“Many would have said tough luck, but [he] said how can we turn this into an opportunity for our kids,” says O’Connor, who performs at Festival Miami Oct. 13.
Now a resident artist at Frost, he has taught bluegrass fiddling, coached classical string players and lectured on his new method for teaching violinists that mirrors Berg’s philosophy.
“We’re kindred spirits,” O’Connor says. “He would also really like to have musicians come out much more versatile … more equipped to handle the potential in the music industry of the 21st century that’s going to include creativity.”
Creatively linking the school to the music industry is the topic one recent afternoon at a session with three graduate students, three faculty members and a guest — Elizabeth Sobol, a soft-spoken classical music powerhouse who spent 30 years managing stars like Itzhak Perlman at IMG Artists and recently became CEO of Universal Music Classics, a group of top classical labels.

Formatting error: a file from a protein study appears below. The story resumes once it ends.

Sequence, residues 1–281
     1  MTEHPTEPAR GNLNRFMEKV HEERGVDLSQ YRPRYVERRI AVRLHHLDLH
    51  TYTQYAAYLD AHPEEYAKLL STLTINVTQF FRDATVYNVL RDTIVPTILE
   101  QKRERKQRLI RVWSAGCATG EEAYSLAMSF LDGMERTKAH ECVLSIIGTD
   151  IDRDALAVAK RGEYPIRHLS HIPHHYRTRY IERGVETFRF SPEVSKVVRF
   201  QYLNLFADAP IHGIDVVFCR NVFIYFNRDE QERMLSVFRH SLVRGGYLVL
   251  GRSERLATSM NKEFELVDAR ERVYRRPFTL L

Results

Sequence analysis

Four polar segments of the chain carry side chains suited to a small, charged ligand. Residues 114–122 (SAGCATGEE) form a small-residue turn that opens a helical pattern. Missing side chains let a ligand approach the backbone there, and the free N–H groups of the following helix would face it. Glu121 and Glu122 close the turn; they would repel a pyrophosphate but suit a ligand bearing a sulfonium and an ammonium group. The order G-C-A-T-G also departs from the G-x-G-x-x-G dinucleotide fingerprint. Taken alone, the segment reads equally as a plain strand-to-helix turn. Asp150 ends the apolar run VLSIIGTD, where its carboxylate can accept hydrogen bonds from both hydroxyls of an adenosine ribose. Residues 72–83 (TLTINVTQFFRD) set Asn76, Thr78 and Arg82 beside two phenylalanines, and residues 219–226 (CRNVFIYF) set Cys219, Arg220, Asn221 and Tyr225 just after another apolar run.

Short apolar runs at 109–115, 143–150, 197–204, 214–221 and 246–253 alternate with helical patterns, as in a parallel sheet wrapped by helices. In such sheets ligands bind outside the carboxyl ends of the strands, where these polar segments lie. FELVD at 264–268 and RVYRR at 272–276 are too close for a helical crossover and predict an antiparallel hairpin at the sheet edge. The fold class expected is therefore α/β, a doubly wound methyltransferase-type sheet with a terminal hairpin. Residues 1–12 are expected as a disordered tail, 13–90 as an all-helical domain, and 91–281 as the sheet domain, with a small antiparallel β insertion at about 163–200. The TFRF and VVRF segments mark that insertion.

“We’re here to brainstorm and set up a mechanism where real action can happen,” Berg tells the group.
“A vision, that’s what’s missing,” says Sobol. “If I could have anything in the world, what would it look like?”
The conversation ranges from the shrinking of classical music audiences to luring young listeners to enlisting students to market a concert series Universal Music Classics is launching with Miami’s YoungArts Foundation in November.
After two hours, Berg is beaming. “This is just the tip of the iceberg,” he says. “I’m really thrilled. This should affect everything we do.”